Still, that's a lot better than the current 74.4 and 79.8 life expectancies for U.S. men and women, respectively. And those extra years may well be very good ones. Elderly mice on CR, "our current best guides to what we would expect to see in a 112-year-old CR-facsimile person, are still fairly vigorous and admirably free of degenerative changes," Miller wrote in a 2002 article on life-extension research in The Milbank Quarterly, a health policy journal. Thus, anti-aging drugs, he believes, probably won't "prolong the period of late-life suffering but instead delay its appearance by increasing the length of healthy adult life."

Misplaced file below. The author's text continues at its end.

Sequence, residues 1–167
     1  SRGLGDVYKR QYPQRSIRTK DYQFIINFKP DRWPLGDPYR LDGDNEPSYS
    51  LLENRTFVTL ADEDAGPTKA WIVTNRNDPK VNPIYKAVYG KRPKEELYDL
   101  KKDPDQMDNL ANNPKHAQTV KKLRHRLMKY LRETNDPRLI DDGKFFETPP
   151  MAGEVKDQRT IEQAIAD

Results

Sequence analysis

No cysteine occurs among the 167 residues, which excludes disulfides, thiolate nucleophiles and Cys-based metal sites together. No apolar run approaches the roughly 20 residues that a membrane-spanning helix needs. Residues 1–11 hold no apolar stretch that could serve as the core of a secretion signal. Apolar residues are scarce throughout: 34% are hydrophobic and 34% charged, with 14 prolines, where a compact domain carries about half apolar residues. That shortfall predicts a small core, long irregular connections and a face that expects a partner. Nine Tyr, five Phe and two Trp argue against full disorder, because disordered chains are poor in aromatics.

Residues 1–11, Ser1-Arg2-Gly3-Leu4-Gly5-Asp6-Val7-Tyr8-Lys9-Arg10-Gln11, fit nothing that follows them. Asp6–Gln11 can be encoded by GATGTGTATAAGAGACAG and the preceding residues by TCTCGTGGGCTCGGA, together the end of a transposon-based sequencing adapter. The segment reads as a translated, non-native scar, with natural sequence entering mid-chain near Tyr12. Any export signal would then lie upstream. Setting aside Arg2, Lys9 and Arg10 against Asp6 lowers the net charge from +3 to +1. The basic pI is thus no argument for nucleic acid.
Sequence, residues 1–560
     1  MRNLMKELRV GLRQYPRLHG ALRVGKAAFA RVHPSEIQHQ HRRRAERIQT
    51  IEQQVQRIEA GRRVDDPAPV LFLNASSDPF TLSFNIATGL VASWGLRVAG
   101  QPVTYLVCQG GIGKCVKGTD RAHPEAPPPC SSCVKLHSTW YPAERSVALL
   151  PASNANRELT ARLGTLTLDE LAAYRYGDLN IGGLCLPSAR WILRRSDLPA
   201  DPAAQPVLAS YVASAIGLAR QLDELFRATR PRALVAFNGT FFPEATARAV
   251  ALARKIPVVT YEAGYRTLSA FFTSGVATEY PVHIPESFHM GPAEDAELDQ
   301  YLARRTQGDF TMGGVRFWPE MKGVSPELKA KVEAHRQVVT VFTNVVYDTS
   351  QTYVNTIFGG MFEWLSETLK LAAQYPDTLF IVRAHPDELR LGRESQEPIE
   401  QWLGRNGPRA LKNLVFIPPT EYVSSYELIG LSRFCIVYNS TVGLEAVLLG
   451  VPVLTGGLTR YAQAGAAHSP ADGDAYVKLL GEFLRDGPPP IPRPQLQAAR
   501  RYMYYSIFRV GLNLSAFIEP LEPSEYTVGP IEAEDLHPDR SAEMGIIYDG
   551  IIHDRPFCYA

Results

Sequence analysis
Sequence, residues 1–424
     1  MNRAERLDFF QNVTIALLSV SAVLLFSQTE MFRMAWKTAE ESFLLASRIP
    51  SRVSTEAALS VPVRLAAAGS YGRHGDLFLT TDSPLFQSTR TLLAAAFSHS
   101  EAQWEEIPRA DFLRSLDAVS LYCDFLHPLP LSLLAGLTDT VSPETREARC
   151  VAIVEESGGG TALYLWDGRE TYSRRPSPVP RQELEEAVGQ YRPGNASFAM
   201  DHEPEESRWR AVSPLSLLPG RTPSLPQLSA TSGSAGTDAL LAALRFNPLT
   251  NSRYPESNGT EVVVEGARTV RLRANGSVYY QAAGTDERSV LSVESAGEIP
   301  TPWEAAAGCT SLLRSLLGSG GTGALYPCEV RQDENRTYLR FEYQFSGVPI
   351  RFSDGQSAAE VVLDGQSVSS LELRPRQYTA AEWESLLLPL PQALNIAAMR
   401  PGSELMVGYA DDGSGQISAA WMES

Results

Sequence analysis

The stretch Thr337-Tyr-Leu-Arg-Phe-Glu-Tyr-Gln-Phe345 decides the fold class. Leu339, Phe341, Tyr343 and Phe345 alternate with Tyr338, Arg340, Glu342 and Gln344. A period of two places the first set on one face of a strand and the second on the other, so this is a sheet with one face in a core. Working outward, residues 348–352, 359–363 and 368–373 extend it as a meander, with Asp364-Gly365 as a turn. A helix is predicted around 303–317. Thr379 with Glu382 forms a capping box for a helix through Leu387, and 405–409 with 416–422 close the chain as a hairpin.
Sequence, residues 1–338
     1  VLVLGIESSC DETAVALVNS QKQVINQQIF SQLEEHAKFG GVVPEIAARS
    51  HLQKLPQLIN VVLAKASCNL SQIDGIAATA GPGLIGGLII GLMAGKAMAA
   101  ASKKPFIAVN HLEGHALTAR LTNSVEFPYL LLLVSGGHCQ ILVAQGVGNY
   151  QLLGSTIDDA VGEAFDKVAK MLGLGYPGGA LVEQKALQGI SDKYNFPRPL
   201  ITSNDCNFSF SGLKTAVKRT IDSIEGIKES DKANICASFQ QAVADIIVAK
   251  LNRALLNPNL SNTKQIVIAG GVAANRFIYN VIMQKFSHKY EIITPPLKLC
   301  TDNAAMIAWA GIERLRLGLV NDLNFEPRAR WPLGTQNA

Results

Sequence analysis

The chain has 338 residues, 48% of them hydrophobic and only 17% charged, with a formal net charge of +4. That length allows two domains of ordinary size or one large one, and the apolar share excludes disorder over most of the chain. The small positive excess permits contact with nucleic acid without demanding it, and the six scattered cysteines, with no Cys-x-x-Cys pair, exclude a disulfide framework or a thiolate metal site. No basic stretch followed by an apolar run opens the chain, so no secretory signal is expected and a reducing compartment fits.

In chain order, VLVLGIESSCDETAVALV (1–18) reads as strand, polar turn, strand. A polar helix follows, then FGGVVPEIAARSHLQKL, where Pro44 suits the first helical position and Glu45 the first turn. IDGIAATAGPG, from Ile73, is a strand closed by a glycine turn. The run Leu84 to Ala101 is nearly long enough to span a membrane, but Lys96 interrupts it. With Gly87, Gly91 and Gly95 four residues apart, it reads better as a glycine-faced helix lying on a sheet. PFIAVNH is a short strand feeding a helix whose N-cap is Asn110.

That compelling point, however, fails to win over critics of anti-aging research, who have become increasingly strident as the work has moved closer to fruition. The most prominent naysayer is Leon Kass, chairman of President Bush's Council on Bioethics, who has spoken out against the research as threatening to rob life of the meaning that comes from growing old and dying naturally. He has a point: Anti-aging drugs would be profoundly unnatural. But, it might be added, so are life-expectancy boosters like water sanitation, antibiotics, and seatbelts.